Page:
Fresh faces grace comedy race
Their series having wrapped up for good, four of last year’s five comedy actress contenders didn’t return to the Acad roster this time, opening up the competish, albeit with several of the nommed thesps’ roles blurring the line between comedy and drama.
The sole returning nominee from last year is Julia Louis-Dreyfus, who took home the trophy in 2006 for “The New Adventures of Old Christine.” A favorite with Emmy, Louis-Dreyfus will be a serious contender again, going by her track record with the TV Academy and being the only nominee working on a traditional, multicamera sitcom.
Felicity Huffman lands back in the race after winning two years ago but getting passed over for a nom last year. Huffman also is well liked by TV pros, maintaining her profile at the head of the “Desperate Housewives” pack, but the show appears to have lost some of the cutting-edge appeal that helped her win before.
The new blood this year comes in the form of Tina Fey and America Ferrera. Both made a big splash on breakout new shows, giving them an edge in terms of freshness. Fey, in particular, will get strong support for the way “30 Rock” grew its audience.
Ferrera was an instant sensation with “Ugly Betty,” succeeding in a tough role that requires her to be alternately goofy, naive, smart and subtle.
Mary-Louise Parker has done well with Emmy voters in the past. She’s proved her talents on the smallscreen way before “Weeds,” with stellar turns in “The West Wing” and HBO’s “Angels in America.”
Show: “Ugly Betty”
Emmy pedigree: First nom
Best scene: Ferrera, in the pilot episode, cannily pleads her credentials for a job at a fashion magazine to an interviewer who has rejected her out of hand based on her appearance. Ferrera shows she can play smart as well as clumsy, all while executing a classic comedy scramble.
Why she may win: Ferrera earned runaway praise when the show first debuted. Her underdog story reflects the character she’s playing, making both the actress and the role selling points.
Maybe not: Ferrera is talented, but her competition has much deeper experience. She also may have a hard time being judged on her acting when the role relies so heavily on the gimmick of her appearance.
Show: “30 Rock”
Emmy pedigree: One win plus two other noms
Best scene: In “Up All Night,” Fey’s Liz Lemon tries to duck her boss’s wife by hiding behind a door, tossing her handbag around the corner and trying to crawl out. Of course, she’s caught, and says, on her knees, “This would work on ‘Ugly Betty.'”
Why she may win: Alec Baldwin gets a lot of the hype, but Fey is the rock that makes the comedy work, with an appealing, every-woman quality. Fey makes Liz likable and funny but still believable and grounded even amid the insanity that swirls around her.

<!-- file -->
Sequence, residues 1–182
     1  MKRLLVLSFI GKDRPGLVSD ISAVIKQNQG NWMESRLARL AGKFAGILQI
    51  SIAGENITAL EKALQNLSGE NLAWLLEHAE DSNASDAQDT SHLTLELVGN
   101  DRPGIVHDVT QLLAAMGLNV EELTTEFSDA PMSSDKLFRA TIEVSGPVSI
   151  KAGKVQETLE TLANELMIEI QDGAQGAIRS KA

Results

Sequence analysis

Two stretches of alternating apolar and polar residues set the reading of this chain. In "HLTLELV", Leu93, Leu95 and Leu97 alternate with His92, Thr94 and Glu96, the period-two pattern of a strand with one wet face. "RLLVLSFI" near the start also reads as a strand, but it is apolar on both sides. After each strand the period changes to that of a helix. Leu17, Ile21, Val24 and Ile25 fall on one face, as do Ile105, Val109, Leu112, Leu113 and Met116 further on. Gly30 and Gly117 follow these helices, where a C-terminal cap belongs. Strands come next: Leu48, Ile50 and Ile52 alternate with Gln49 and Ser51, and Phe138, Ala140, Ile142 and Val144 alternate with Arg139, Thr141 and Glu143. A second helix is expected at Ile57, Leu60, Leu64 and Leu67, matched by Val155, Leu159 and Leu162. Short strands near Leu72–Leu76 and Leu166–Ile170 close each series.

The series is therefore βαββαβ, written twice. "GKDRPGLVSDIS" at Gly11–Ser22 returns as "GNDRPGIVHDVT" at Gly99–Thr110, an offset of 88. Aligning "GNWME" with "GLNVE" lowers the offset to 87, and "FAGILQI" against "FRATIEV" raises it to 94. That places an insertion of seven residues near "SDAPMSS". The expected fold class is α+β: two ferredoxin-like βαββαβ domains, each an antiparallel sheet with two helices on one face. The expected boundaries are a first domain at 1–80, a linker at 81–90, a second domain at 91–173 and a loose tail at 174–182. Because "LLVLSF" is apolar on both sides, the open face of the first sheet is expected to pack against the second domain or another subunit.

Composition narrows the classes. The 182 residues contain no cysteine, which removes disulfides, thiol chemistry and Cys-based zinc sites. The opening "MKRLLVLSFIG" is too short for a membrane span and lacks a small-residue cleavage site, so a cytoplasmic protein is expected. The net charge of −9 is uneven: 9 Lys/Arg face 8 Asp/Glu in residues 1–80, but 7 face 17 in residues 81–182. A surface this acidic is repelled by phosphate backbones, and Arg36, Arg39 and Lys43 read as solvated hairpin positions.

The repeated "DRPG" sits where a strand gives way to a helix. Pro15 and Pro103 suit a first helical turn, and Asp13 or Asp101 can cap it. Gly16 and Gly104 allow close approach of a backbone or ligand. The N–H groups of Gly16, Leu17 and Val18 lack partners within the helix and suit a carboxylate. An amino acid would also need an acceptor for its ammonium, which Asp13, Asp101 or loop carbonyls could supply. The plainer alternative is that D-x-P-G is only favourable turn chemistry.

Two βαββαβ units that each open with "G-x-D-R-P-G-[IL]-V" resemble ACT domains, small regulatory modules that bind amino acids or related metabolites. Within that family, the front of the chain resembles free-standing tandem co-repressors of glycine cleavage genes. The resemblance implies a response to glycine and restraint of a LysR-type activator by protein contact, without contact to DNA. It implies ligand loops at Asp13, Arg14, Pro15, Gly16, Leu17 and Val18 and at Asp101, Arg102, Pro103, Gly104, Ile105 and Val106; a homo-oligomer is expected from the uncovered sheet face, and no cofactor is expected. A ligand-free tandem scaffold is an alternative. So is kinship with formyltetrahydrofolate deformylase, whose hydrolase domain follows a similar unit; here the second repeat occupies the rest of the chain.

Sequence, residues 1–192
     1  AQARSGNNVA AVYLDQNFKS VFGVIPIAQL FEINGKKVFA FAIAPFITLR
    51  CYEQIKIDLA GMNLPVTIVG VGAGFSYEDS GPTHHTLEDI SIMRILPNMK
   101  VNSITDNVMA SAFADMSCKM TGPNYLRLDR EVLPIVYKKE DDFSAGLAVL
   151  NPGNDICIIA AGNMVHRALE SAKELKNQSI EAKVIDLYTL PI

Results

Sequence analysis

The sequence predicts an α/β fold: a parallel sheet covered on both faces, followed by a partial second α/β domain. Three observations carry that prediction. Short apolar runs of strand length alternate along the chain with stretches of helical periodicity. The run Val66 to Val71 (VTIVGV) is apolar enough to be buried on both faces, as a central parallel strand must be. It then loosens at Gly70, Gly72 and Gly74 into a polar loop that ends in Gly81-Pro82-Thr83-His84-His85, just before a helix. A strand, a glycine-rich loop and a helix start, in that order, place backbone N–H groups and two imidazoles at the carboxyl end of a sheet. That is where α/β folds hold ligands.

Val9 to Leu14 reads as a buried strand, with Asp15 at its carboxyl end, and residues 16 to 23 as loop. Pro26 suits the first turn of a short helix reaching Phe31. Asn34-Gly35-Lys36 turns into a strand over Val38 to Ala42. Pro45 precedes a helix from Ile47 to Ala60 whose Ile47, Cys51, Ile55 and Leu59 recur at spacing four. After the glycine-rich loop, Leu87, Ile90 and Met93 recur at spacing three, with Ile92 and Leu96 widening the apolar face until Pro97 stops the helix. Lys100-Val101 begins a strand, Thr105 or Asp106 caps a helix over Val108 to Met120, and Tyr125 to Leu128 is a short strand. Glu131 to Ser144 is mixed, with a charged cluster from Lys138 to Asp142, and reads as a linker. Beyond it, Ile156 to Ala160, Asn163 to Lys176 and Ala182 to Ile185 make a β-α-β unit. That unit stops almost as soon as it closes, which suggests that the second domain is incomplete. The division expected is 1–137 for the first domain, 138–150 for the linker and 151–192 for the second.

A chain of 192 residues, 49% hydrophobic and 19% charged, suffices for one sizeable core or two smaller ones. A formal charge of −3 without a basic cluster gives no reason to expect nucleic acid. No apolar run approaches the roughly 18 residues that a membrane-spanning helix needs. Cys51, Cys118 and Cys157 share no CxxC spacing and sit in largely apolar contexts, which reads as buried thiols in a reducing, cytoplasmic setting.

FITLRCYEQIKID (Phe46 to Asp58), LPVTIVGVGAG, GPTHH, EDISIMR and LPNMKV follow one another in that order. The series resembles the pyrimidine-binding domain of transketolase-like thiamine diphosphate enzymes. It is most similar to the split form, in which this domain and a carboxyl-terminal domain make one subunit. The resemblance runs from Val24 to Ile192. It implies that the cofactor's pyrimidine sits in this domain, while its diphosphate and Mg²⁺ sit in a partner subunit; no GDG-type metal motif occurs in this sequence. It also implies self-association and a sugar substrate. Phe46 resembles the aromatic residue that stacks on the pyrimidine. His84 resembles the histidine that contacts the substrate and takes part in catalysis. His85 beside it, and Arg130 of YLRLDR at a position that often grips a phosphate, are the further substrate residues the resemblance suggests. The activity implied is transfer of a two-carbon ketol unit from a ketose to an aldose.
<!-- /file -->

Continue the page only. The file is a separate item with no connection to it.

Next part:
Maybe not: Though it would be unfair, being the show’s creator and head writer may limit voters’ perception of her as an actress, especially against such powerhouse acting competition.
Show: “Desperate Housewives”
Emmy pedigree: One win
Best scene: In “Bang,” Huffman displays the perfect blend of exasperation and parental manipulation when, while hiding from a gun-wielding woman in a grocery story, she promises her young son a robot with laser eyes if he’ll put Daddy on the phone.
Why she may win: Huffman may be the most popular and well regarded of the popular “Housewives” cast, which should give her a solid standing with voters who tend to stick with favorites. Her character also is the best defined and least cartoony of the soapy “Housewives” crew.
Maybe not: While Huffman still stands out on the show, the “Housewives” ride seems to be losing some steam, which may make it harder for voters to justify another trophy for her.
Show: “The New Adventures of Old Christine”
Emmy pedigree: Two wins plus six other noms
Best scene: In “Playdate With Destiny,” Christine wins a date with her latest crush, played by Blair Underwood, and can’t dig herself out of the hole she makes when she says the word “black” and tries to prove it’s not a racial comment.
Why she may win: Louis-Dreyfus is one of the last great TV comediennes, and the Academy may respond to the qualities that infuse the show and her character with personality.
Maybe not: “Christine” has been short on buzz, putting Louis-Dreyfus at a disadvantage against her higher-profile competitors. Show’s conventional nature also may turn off voters looking to reward more innovative comedy at a time when the genre is struggling.
Emmy pedigree: One win plus one other nom
Best scene: In “Mrs. Botwin’s Neighborhood,” Parker tries to brush off a needy Elizabeth Perkins, who grabs a handful of Parker’s hair and pulls, eliciting hilarious shrill screams until she can break free.
Why she may win: Parker brings real bite and subtlety to her role of a pot-dealing suburban housewife. The adult nature of the show and its pay TV home base gives the role and the show a vibe Emmy voters like and have been missing since the end of “Sex and the City.”
Maybe not: The understated nature of the role is perfect for Parker, but the show and the role tread a fine line between drama and very sly humor that may have a hard time standing out.